Etna the Eternal

The current eruption, and the human response, is a repeat performance of a mythic drama.

The volcano Etna has been on Sicily for more than a million years, longer than human beings have inhabited the Mediterranean. It has been erupting nearly continuously throughout 3500 years of recorded history, since 1500 BCE, and doubtless for long before that. Etna has had hundreds of recorded major eruptions; it looks like another has begun with the eruptions of spring 2001. And like the hundreds of times before, the local people have been responding the ways they always have. Modern technologies are allowing them to respond a bit more effectively, and with a bit less resignation, than before.

Etna blew "smoke rings" in February 2000. See more photos here at Stromboli On-Line. Image by Jrg Alean, used by permission.

Etna is such an important volcano that the ancients made it the home of Vulcan, blacksmith to the gods. Like the personality of Vulcan himself, Etna is always unpredictable, often gloomy and irritated, sometimes dangerously angry, even on rare occasions playful. All of the seafaring peoples of the ancient Mediterranean knew Etna as a steady beacon and landmark, looming near the strategic Strait of Messina at Sicily's eastern tip.

People have always lived near Etna, even upon its sides. The same is true with volcanoes around the world. After all, volcanic ash weathers into rich soil, and the risk of injury or death from an eruption is pretty small. On many volcanoes, you can live your whole life without witnessing an eruptionor if there is one, it won't destroy your part of the mountainside. That's the kind of risk we all accept about the place we live, whether it's prone to earthquakes, hurricanes, sinkholes, or landslides.

Etna's eruption plume streams offshore from Sicily in this 24 July 2001 SeaWiFS satellite image.

The 2001 eruption of Etna made news not only because it was a great spectacle, but because there was human drama as well. The lava engulfed an important skiing and tourism center on the mountain, the Rifugio Sapienza. Nowadays we don't just send prayers to our current gods, as the ancients didalthough the archbishop of Sicily did just that in 2001. Today the Italian authorities send bulldozers to throw up barriers to the lava.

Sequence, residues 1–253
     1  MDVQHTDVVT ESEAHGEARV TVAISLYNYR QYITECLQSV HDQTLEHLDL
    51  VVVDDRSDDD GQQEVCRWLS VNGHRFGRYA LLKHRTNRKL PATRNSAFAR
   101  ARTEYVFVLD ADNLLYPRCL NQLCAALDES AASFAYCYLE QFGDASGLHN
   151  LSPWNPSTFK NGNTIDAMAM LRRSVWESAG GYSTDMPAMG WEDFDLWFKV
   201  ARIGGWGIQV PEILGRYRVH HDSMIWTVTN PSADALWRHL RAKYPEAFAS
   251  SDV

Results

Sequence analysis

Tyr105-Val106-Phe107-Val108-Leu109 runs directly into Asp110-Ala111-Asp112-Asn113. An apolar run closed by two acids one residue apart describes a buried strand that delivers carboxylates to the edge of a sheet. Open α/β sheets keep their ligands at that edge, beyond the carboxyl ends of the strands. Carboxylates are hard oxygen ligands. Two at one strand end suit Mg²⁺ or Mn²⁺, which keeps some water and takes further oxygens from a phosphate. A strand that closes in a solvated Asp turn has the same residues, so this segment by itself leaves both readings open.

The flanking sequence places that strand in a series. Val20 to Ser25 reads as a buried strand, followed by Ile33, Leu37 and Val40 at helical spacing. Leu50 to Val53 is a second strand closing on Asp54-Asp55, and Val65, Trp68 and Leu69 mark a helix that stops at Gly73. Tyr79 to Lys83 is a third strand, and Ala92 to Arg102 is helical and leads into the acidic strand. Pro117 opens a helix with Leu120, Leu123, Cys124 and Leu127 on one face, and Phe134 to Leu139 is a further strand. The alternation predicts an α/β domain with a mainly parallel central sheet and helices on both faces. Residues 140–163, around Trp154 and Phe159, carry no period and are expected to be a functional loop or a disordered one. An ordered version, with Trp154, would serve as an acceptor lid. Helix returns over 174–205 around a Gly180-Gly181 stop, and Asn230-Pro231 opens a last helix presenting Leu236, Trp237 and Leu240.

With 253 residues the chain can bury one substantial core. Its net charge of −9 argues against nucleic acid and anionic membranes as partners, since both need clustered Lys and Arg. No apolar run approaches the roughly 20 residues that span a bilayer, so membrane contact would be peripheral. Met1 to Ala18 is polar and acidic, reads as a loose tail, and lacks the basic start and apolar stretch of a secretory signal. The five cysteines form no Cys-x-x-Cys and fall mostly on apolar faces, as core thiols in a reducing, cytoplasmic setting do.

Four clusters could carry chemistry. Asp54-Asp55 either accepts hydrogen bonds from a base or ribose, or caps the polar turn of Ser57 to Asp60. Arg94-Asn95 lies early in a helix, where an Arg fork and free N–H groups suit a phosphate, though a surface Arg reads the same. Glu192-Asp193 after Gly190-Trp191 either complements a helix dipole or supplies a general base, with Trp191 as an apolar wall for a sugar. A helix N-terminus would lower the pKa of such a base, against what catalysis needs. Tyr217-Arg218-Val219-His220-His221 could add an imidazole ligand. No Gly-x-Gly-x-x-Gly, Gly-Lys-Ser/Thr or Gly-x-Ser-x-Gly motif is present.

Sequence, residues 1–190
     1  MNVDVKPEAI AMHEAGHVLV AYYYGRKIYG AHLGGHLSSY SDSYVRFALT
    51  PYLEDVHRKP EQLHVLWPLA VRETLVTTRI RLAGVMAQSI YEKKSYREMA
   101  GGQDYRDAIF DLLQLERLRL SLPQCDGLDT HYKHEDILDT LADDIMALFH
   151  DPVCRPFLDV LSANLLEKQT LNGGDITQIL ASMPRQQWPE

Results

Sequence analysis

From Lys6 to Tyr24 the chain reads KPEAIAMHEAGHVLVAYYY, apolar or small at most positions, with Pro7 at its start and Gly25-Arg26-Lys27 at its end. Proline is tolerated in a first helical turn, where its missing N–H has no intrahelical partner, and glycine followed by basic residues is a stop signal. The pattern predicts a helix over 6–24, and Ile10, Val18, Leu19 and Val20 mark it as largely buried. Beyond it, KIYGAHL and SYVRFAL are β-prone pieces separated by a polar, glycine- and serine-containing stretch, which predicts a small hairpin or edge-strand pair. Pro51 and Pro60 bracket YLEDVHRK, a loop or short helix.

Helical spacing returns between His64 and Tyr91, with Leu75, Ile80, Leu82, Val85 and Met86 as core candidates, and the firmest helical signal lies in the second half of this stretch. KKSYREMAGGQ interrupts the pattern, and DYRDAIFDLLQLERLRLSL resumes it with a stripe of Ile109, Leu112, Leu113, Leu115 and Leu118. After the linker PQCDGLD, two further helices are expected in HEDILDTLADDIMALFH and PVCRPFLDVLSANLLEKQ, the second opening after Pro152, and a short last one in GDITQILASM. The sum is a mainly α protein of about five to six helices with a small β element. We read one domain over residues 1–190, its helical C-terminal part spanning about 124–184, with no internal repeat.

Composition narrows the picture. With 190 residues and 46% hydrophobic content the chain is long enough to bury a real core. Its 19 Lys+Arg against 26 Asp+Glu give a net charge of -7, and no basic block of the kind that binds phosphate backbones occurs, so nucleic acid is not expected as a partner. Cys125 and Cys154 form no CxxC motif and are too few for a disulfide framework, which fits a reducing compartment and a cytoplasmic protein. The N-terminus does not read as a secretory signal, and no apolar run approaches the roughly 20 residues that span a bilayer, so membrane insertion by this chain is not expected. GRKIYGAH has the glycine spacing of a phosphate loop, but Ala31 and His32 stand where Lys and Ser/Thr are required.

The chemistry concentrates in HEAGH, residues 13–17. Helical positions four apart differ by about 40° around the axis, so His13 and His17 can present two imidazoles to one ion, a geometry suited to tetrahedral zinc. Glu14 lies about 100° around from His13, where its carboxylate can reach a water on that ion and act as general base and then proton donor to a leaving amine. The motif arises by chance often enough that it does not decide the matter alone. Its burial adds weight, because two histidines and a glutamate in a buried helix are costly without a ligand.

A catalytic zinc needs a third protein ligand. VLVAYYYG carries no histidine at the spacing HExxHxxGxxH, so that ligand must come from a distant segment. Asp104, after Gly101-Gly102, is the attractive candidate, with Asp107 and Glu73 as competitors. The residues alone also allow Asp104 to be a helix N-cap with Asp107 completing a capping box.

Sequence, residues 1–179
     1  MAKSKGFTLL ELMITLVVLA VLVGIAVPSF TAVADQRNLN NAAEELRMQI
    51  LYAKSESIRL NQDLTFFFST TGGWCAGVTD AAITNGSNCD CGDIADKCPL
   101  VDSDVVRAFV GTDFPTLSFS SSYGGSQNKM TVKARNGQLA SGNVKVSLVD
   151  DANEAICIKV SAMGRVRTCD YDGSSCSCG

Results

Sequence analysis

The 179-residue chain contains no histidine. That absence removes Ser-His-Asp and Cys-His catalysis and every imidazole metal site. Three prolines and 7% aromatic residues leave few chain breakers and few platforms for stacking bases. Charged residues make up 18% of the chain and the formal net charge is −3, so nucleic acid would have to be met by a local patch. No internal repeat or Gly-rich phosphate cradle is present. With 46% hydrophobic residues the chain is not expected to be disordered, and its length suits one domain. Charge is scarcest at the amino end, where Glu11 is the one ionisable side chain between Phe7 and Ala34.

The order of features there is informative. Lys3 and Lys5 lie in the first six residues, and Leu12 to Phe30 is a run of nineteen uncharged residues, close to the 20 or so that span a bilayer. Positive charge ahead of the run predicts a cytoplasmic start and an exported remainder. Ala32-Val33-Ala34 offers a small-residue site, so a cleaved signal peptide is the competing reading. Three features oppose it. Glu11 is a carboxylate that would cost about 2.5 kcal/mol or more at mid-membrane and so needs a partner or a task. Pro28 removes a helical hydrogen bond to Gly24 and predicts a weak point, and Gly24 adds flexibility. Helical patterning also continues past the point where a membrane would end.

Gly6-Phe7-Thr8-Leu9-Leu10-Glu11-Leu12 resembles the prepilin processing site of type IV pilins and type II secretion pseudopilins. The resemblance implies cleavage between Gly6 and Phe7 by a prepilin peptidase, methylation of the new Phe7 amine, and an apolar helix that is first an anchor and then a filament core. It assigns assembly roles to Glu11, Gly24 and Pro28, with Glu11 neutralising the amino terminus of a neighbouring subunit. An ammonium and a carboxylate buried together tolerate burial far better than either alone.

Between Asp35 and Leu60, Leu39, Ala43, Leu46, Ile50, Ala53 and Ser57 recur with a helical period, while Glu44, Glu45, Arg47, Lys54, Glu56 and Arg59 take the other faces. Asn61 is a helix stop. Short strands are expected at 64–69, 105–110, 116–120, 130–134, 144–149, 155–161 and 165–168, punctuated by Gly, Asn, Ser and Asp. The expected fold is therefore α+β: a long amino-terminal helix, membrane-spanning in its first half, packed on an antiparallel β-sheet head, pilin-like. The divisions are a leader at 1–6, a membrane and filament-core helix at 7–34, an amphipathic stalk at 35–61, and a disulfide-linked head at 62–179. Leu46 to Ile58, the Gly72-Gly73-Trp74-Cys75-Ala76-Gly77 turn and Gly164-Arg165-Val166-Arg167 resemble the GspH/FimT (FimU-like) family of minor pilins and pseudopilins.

We've tried other things against volcanoes, too, such as military bombing to divert lava flows. When a volcano threatened the Icelandic town of Westmanneyjar in 1983, the main tactic was spraying the lava with seawater to freeze it solid.

A fresco in the Cathedral of Catania vividly records lava's course during the 1669 eruption. A larger image and lots of detail are at Boris Behnke's superb Etna site.

But the first successful defense against a volcano was here in Catania, the city of half a million at Etna's foot. In 1669, the Monti Rossi vent on Etna's southern flank began pouring out a river of lava uphill from Catania. The city's existing walls held back the flood for a week. But after part of the wall gave way, the authorities built new walls in the city streets that were effective against the lava's advance.

Another tactic tried in 1669 was to break open the roof and sides of the lava tube feeding the flow. It was hoped that this would cool and freeze the molten rock, as well as directing part of the flow elsewhere. The nearby town of Patern felt so threatened by this measure, it sent out an armed force to stop the work crews.

As a result, laws were enacted to forbid tampering with lava flows. These remained in effect until 1983, when more modern techniques were allowed. So the bulldozers of 2001 are still an experimental technology when it comes to fighting eternal Etna.

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